It was a Saturday night Texas trilogy of sorts on G Street NW, at the Washington Project for the Arts. The bull was mean, the chili was warm, and the band was red hot.
Part one: The Bull. Two non-Texans at the Texas-tinged fund-raiser for the WPA seen staring fixedly at the mechanical bull, the one that was dragged up all the way from Gilley's nightclub near Houston just to make the locals bit the dust. The G Street cowboys look at each other. They look back to the bull. They notice the sign, which reads: "Suicide Sam, the Pelvis Pulverizer."
"You going to ride that bull?" says one.
"I don't know. Are you?" says the other.
"Well, I would if my arm wasn't broken."
"That arm isn't broken and you're a damn liar."
Up walks Al Nodal, director of the WPA and the man responsible for the benefit, and the new exhibit of Texas photographers that is hanging all over the walls. "I'm Cuban," says Nodal, dressed in satiny white Western shirt, cowboy boots and stetson hat. "But the clothes are Texan." The place is full, at least 500 guests. It's hard to tell the Texans from the non-Texans, but in general, the non-Texans go in for the flashier duds. Some of the Texans have that I-just-got-back-from-Neiman-Marcus look. Others look like they've been grappling with a stubborn fence post all afternoon.
"I just thought this would be a good way to let people know about the exhibit, and raise money for the big move," says Nodal. The big move comes in June, when the WPA will be forced to vacate its huge alternative gallery space on G Street for points yet unknown, a victim, according to Nodal, of a downtown revitalization that is sending rents into the stratosphere.
Nodal approaches the big bull cautiously. His friends (he thinks) cheer him on. "Put it at number six," says Nodal. "Number six is pretty fast," says the guy running the bull. "Put it at number six," says Nodal again.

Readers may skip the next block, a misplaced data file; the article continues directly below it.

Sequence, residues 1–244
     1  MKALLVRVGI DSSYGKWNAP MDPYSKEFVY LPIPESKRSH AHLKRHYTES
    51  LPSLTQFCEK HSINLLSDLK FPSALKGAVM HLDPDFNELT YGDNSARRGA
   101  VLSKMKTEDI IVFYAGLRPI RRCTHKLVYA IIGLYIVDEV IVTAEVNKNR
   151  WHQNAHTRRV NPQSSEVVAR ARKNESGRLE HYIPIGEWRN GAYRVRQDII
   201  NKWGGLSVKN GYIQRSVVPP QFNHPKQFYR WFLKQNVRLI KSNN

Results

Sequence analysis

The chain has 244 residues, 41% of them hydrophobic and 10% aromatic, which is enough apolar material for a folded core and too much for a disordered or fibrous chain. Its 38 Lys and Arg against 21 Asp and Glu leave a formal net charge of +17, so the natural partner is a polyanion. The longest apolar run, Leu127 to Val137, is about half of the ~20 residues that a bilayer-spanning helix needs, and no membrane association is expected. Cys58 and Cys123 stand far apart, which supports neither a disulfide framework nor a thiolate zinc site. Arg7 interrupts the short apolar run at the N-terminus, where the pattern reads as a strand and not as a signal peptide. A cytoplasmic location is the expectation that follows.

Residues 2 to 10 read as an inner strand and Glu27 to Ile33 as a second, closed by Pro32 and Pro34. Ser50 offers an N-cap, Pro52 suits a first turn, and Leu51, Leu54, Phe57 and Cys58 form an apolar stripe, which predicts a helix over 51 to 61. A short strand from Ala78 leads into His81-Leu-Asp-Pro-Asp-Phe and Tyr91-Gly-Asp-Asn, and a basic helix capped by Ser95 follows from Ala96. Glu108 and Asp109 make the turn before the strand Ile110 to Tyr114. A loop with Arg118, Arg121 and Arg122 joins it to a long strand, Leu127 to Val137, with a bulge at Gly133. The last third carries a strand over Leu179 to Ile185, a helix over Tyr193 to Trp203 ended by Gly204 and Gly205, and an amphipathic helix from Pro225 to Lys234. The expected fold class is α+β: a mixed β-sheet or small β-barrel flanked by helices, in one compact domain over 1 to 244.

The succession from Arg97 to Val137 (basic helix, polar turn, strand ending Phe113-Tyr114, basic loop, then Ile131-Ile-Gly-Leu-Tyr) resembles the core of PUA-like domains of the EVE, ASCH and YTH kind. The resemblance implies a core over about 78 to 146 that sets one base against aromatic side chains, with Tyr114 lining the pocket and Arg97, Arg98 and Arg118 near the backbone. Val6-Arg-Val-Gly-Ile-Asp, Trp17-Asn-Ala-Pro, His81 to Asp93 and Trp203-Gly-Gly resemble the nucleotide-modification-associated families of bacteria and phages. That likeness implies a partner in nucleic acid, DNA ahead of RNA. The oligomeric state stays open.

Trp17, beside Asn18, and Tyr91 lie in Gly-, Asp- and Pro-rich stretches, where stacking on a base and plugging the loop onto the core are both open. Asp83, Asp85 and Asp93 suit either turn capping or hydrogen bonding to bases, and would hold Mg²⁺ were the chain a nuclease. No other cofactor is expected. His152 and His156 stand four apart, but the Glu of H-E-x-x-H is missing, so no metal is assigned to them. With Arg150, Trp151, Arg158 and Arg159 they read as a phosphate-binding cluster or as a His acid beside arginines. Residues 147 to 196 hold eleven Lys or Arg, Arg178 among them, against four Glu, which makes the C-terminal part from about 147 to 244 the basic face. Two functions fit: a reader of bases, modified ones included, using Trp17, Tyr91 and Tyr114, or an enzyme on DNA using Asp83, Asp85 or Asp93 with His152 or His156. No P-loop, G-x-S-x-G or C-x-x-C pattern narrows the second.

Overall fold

"If he hadn't tried to hold his hat on, he might have made it," says someone standing near the campfire as Nodal bites the dust.
"That hurt," says Nodal.
"Yeah Al!" cheer his friends, many of whom are laughing and crying and holding their sides.
Part two: The Chili. "Don't worry," says a girl in a big red hat. "If that bull upstairs doesn't get you, this chili will. And that's no Texas tall tale, either."
"Wrong," says Washington writer and transplanted Texan Larry L. King, who is standing downstairs having a taste. "I've tasted hotter."
"Wrong," says Texas money man H. K. Allen, first vice president of the Export-Import Bank. "This isn't as hot as it gets."
"You think I'm going to come up to Washington and make this chili as hot as we eat it in Texas?" yelps Ed Paetzel, a.k.a. Mr. Chill Lee, a trophy-winning chili cook. "I'd have to be crazy!"
This chili, 200 pounds of it, is being rapidly consumed by the guests, some of whom have just come in, don't know the labyrinthine layout of the place and don't yet realize that there are rooms and rooms of party up every staircase.
Hey, this chili doesn't have any beans, exclaims a boorish fellow. And no onions! "No self-respecting Texas chili has beans," says King calmly. He comes from Odessa, Tex. "Odessa," he says, "like the place in Russia. This is my wife, Barbara." She says that she grew up in Corpus Christi, Tex. "That's 'Body of Christ,' Texas," explains King.
Part three: The Dance Hall. The lights are low, the Pearl beer is being guzzled and the cowgirls from every state of the union are kicking up their heels. Texas sculptor and musician Terry Allen and his Panhandle Mystery Band, from Lubbock, Tex., are playing, among other things, a little ditty that begins "feelin' easy, feelin' sleazy, I got a pierced ear and a bottle of rot-gut booze."
"I don't remember all the words," says fiddler Richard Bowdon, "but you get the idea."
Dozens of people have taken to the dance floor, moving in a circle and shouting 'bull----' every so often, at the top of their lungs. "What they're doing is called the "Cotton-Eyed Joe," says Texas artist James Surls, who has what appear to be, in the darkness behind the state, two small stone heart-shaped earrings dangling from his lobes. "But they're not really doing it right," he says, watching, taking a swig of his beer. "They're not really supposed to be bumping into each other all that often."
"Yeah," says John Alexander, a painter from Texas who now lives in New York, "this isn't a bad party by Texas standards, I guess. But what it really needs, to make it absolutely authentic," he says thoughtfully, surveying the dancers, who are in the middle of a hearty obscenity, "is a good fight."